I see that this should be possible, but just connecting a USB-C cable between my PC and Verdin X3 connector does nothing. On the other hand the port does work as a host. I can put in a usb stick and it is mounted in Linux and I can copy data onto it.
I see it depends on the CC Pin. Should I change anything or the PC handles handles this by itself?
Furthermore we are designing a USB Micro interface on our custom board with the same idea and the same USB_1 port of the Verdin. Is there something that we have to watch out for? This is the schematics:
Which exact module are you using? Please share its full name and version.
Which TorizonCore version are you using? Please share the output of cat /etc/os-release.
Have you done any customization on your TorizonCore image (either using TorizonCore Builder or building it using Yocto)?
This is expected as the default user in TorizonCore is torizon and you are dealing with system-related files in /sys/kernel therefore you need to give permission to torizon user to perform the modifications.
About your specific issue, we need to research and do some tests. We will get back to you as soon as we have some news.
Only using TorizonCore to change the device tree overlay, I’m trying to aviod using Yocto (no experience). I just added my changes to the verdin-imx8mm_lt8912 overlay that was already applied. Pretty much just deactivating peripherals that I’m using form the M core and activating RPMSG. Here is the dto:
How do I change the permissions? I would suggest adding this information to the USB Device Mode (Linux) | Toradex Developer Center page since a lot of users probably use torizoncore with torizon user when trying this for the first time.
Sorry, I missunderstood, you meant adding sudo is expected, but my issue that the files keep their old values is a new issue.
Since you are looking into my specific issue, a bit more information:
My goal is to use the pins shown in my first post in this question, so USB 1 of the Verdin port for communication with the PC. The CDC ECM protocol looks like the best solution since it should be compatible with Windows, OSx and Linux as host computers. My priority right now is communicating with Windows though. Also the communication will be through a container later, but that shouldn’t pose any issues I hope, after I make it work from the torizoncore directly.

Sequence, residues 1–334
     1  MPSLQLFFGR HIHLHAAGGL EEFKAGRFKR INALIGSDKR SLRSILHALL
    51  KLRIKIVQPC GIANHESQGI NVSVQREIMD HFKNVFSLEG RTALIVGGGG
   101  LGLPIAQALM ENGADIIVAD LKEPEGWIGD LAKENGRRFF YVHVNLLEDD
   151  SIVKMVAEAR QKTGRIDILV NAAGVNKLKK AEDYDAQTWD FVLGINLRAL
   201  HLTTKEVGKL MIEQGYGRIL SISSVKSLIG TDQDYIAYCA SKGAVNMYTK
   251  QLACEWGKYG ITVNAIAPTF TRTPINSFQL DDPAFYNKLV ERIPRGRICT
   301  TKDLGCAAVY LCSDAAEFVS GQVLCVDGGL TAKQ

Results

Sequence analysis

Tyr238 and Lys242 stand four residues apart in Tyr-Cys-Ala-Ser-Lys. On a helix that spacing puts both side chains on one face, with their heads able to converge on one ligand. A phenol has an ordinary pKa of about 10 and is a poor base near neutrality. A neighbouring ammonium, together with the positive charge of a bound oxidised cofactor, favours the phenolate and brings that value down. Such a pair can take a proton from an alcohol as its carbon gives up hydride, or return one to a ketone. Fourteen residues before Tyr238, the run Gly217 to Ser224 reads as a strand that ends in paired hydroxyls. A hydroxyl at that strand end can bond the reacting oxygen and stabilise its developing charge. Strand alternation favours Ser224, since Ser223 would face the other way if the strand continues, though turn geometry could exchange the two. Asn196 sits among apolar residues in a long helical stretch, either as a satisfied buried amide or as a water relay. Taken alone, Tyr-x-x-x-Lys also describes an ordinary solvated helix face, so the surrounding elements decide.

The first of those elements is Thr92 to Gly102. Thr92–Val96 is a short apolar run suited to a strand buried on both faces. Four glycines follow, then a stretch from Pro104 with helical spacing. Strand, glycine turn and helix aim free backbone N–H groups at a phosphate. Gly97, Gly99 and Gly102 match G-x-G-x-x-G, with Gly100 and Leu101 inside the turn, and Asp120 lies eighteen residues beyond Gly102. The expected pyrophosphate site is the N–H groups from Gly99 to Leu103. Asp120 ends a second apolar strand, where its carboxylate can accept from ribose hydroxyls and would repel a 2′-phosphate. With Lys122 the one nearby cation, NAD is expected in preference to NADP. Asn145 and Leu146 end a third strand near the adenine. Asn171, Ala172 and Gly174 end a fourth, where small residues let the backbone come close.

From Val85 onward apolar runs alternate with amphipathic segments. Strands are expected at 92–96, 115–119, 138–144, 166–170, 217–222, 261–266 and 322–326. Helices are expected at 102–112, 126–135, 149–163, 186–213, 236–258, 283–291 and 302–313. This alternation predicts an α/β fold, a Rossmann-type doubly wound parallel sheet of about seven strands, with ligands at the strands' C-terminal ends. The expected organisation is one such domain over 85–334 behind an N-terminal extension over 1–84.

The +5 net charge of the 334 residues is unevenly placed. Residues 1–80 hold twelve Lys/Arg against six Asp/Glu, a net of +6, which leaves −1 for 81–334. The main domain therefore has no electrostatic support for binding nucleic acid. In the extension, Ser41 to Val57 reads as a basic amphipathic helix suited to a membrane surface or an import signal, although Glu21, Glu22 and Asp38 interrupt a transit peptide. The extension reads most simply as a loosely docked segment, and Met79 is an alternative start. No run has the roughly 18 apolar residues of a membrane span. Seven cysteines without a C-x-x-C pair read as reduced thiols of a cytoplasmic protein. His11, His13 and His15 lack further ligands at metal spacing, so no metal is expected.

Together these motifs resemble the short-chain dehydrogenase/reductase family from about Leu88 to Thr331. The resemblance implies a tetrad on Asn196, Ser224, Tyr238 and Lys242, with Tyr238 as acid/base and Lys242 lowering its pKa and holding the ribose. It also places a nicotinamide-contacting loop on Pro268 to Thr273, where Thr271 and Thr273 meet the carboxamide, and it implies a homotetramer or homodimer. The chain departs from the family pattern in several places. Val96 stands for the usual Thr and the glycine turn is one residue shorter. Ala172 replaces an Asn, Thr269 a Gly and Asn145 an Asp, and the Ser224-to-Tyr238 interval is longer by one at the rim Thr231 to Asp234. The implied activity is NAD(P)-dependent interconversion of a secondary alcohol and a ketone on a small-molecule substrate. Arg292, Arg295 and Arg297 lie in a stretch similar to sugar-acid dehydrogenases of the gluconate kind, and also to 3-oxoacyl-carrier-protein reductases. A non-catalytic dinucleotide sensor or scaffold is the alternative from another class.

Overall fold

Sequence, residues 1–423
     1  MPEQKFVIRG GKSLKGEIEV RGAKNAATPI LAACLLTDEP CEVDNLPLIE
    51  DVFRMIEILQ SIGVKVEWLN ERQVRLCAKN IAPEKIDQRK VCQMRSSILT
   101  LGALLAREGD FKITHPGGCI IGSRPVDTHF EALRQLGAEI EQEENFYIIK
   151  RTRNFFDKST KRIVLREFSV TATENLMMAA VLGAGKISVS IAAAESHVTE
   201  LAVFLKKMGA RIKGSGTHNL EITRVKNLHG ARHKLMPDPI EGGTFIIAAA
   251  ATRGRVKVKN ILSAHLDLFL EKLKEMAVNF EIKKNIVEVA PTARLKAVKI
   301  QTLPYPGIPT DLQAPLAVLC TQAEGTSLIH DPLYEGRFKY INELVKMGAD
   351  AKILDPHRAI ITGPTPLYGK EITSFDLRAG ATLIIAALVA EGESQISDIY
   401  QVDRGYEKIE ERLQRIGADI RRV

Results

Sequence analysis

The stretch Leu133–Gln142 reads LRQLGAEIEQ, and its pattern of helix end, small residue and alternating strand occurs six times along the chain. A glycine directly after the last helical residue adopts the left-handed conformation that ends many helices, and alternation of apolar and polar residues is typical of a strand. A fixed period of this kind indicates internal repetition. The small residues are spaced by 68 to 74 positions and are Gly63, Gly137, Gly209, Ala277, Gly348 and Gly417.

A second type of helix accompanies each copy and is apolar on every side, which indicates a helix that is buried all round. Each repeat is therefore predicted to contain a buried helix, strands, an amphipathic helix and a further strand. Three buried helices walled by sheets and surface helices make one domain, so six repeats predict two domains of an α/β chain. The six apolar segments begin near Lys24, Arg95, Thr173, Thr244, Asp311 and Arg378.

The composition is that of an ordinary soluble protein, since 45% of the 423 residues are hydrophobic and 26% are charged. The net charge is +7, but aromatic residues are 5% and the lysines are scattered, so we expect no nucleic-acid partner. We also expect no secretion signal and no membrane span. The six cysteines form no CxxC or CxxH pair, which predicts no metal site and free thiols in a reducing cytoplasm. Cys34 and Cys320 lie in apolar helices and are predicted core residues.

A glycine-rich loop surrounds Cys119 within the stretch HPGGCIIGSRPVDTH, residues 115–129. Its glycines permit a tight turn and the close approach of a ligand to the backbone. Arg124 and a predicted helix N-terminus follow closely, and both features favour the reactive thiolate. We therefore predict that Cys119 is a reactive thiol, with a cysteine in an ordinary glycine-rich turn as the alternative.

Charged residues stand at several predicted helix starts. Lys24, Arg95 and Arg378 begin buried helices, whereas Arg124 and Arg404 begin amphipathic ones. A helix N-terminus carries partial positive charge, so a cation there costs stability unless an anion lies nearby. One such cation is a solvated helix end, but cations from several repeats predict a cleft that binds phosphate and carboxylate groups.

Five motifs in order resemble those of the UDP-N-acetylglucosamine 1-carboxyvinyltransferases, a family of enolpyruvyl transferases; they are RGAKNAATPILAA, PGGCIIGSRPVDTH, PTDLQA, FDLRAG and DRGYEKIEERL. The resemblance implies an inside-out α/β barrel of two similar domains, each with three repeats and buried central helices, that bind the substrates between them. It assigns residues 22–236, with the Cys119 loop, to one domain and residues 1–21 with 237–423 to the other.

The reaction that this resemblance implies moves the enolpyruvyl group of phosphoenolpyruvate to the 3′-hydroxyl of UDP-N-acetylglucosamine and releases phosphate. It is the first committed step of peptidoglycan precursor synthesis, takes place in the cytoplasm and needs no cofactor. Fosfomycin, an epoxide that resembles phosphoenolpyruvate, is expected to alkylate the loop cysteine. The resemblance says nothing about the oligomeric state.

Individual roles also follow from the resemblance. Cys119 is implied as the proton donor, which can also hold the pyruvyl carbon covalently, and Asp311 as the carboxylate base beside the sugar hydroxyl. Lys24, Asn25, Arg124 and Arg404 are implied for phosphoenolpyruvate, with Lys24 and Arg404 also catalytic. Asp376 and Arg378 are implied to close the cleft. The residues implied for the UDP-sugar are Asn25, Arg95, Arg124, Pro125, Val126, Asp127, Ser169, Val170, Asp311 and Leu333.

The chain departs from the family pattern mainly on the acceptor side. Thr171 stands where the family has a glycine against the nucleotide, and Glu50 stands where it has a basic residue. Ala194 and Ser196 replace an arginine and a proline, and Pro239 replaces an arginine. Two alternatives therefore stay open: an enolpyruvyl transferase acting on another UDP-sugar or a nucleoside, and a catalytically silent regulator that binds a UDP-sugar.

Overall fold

According to @jeremias.tx answer in that thread: One thing that is outdated is that there is no gadget-export or gadget-import command in the newer releases. However these commands are only to export/import an already existing schema. The commands the article had you do prior is what creates the schema. In this case you would only need export the schema if you want to transfer it to another system.
Hi @josep.tx ,
I saw that, but when I restart the device the configuration goes away. The next sentence in the tutorial states: “To make sure the g2 Gadget configuration gets loaded automatically, alter the systemd service located at /lib/systemd/system/usbg.service or name the schema g1.schema.”
So I’m not sure how to keep this gadget on the board if I dont have the schema.
Apart from that, the device is being recognized by windows but it says that no driver is installed and I can’t find any to install.
I found this thread USB OTG Ethernet not working that explains pretty much the same issue and I doesn’t seem to be solved. I can also try the RNDIS, maybe it’s just windows that doesn’t like the ecm protocol.
I managed to make RNDIS protocol work following this extensive topic:
As I said in the beginning - no experience with any of these protocols that’s why it was a bit chaotic. I guess a need a composite device with the ecm and rndis protocol together where rndis is used by windows hosts and ecm by linux/osx hosts, but I’ll concentrate on using the rndis with windows for now.
The question of saving the configuration still stays kinda open, in the mentioned topic the solution was to write a small script that runs on linux start, is that the only solution? If yes I will just close the topic